They’re creepy and they’re kooky, mysterious and spooky...
Oh, wait, I have to save that for the upcoming Adam’s Family movie.
Ok, they’re rich and sadly boring, they live in New York, intellectually walled off from each other, and this doesn’t rhyme.
Once again, I was led to believe a movie is about something entirely different than how it’s portrayed in a trailer. The Goldfinch looked to be an exciting whodunit about a terrorist event and a stolen masterpiece. While there was an unexplained explosion, and a 1654 painting goes missing, the entire middle of the movie drags on about a grieving boy coming of age among seriously broken people.
For the record, I looked up the painting. The Goldfinch is a 1654 work by Carel Fabritius of a chained goldfinch. It is a 13 by 9 inch oil painting that belongs to a collection in The Hague, Netherlands.
I did not read the Pulitzer Prize winning book from which this movie originated, but have read that this interpretation is a disappointment, losing much in translation.
The beginning and end of the movie, if the entirety of the span between those two segments could be reduced by about an hour, would have held my interest. Although beautifully filmed and filled with details that art, music and antique furniture aficionados might enjoy, the characters are shallow, temporary caretakers of their beloved collections.
Nicole Kidman’s character (Mrs. Barbour) is just weird, staring vacantly at those around her, speaking in near whispers and raising a family of similarly strange children.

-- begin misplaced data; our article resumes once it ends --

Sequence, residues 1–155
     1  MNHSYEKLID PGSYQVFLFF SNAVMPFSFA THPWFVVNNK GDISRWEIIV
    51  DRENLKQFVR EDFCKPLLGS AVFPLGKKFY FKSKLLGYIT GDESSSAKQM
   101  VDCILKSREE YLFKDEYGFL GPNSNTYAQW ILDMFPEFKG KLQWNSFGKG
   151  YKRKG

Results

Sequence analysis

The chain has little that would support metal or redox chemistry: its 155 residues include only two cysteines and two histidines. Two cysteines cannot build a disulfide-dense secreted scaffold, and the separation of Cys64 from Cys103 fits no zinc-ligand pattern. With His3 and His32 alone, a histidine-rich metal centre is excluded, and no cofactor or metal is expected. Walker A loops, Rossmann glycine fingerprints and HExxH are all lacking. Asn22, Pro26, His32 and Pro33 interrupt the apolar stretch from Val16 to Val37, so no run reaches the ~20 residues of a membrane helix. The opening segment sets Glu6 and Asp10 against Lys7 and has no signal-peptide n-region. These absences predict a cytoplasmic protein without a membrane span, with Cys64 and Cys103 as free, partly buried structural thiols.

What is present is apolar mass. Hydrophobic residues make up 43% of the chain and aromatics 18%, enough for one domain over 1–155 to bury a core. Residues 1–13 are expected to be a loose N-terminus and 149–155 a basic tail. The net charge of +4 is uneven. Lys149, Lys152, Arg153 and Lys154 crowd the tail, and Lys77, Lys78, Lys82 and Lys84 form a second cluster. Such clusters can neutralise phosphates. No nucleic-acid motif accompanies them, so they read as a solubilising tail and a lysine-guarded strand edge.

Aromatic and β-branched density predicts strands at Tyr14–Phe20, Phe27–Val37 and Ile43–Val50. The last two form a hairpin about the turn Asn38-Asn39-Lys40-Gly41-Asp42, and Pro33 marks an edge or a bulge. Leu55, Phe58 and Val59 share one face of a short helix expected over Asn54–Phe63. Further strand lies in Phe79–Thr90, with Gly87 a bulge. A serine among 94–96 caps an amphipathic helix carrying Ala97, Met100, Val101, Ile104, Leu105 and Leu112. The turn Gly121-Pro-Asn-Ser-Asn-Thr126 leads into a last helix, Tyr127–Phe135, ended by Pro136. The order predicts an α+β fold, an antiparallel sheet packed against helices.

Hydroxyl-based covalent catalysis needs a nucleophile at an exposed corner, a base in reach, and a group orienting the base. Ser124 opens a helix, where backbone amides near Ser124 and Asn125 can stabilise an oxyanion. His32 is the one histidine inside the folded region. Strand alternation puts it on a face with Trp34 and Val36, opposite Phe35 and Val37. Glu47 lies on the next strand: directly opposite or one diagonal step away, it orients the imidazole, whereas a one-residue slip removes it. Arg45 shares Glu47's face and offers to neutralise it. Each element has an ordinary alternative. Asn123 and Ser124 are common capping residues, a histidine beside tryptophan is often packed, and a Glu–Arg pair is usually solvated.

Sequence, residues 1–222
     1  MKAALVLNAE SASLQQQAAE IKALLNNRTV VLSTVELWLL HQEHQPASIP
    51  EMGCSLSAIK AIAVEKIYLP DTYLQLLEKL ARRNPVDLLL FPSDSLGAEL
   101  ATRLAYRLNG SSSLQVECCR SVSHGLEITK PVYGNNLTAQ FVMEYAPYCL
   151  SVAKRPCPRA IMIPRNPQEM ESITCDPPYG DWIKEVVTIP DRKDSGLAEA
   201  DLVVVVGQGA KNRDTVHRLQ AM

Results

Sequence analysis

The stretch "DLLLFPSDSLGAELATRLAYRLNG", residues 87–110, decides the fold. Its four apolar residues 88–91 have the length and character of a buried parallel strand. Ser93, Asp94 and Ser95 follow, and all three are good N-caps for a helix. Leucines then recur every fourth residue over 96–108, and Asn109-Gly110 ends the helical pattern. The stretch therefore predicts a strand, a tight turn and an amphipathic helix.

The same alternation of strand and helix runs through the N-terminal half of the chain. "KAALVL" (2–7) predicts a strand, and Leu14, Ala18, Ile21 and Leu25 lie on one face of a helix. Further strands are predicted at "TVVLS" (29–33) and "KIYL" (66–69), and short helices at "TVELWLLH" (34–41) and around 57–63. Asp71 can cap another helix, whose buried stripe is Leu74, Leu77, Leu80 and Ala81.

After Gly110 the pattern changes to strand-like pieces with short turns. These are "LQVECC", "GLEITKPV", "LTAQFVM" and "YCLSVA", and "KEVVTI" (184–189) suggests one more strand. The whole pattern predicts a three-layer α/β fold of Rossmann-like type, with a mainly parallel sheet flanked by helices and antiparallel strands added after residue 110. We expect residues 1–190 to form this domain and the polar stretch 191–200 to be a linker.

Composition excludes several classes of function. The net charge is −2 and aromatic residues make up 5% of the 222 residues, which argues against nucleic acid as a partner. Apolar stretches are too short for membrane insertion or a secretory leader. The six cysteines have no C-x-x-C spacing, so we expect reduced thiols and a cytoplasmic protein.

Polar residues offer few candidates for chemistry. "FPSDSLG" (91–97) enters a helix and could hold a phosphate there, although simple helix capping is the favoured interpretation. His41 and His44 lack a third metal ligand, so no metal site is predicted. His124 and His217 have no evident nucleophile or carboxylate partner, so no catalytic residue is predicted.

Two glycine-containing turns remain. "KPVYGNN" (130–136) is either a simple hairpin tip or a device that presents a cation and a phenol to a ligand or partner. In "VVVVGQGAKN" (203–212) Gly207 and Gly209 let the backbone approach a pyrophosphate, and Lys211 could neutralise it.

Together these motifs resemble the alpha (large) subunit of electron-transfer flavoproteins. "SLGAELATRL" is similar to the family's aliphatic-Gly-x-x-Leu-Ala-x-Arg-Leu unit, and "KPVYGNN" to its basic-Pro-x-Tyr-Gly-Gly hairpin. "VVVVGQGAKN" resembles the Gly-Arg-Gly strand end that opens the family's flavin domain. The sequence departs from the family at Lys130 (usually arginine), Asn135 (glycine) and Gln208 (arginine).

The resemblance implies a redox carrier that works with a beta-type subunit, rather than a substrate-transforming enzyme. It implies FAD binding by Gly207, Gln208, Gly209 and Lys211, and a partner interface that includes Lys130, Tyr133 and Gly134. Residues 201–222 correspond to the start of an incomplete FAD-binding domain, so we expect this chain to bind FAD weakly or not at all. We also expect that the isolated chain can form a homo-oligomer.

Oakes Fegley and Ansel Elgort play the young and older central character Theo Decker, who survives an art museum explosion that kills his mother. He is cared for by the wealthy Barbour family until his delinquent father (Luke Wilson) appears with his girlfriend Xandra, played sufficiently skanky by Sarah Paulson. They whisk him away to a desolate, mostly foreclosed neighborhood in Las Vegas. (An interesting side note, Paulson’s father works in the Lowe’s store near our house. He sells windows. Hey, people have parents.)
Theo’s new friend Boris, who mostly raises himself, is a drug using, heavily traveled, abused son of a Russian merchant of some sort. He is also played by two actors, Finn Wolfhard from Stranger Things, and Aneurin Barnard who was in Dunkirk and tons of other TV series. Unfortunately, Wolfhard seems to have trouble maintaining a consistent Russian accent.
Luke Wilson suffers from typecasting in comedies early in his career that make him a misfit as a raging alcoholic. He and Paulson are just too recognizable for roles that would have benefited from unknown faces.
On the chance that you might choose to see this movie, I don’t want to reveal anything that turned out to be surprising. Those were the films only redeeming features.
The Goldfinch (2019) runs 2 hours, 29 minutes and is rated R.
Should I see this movie?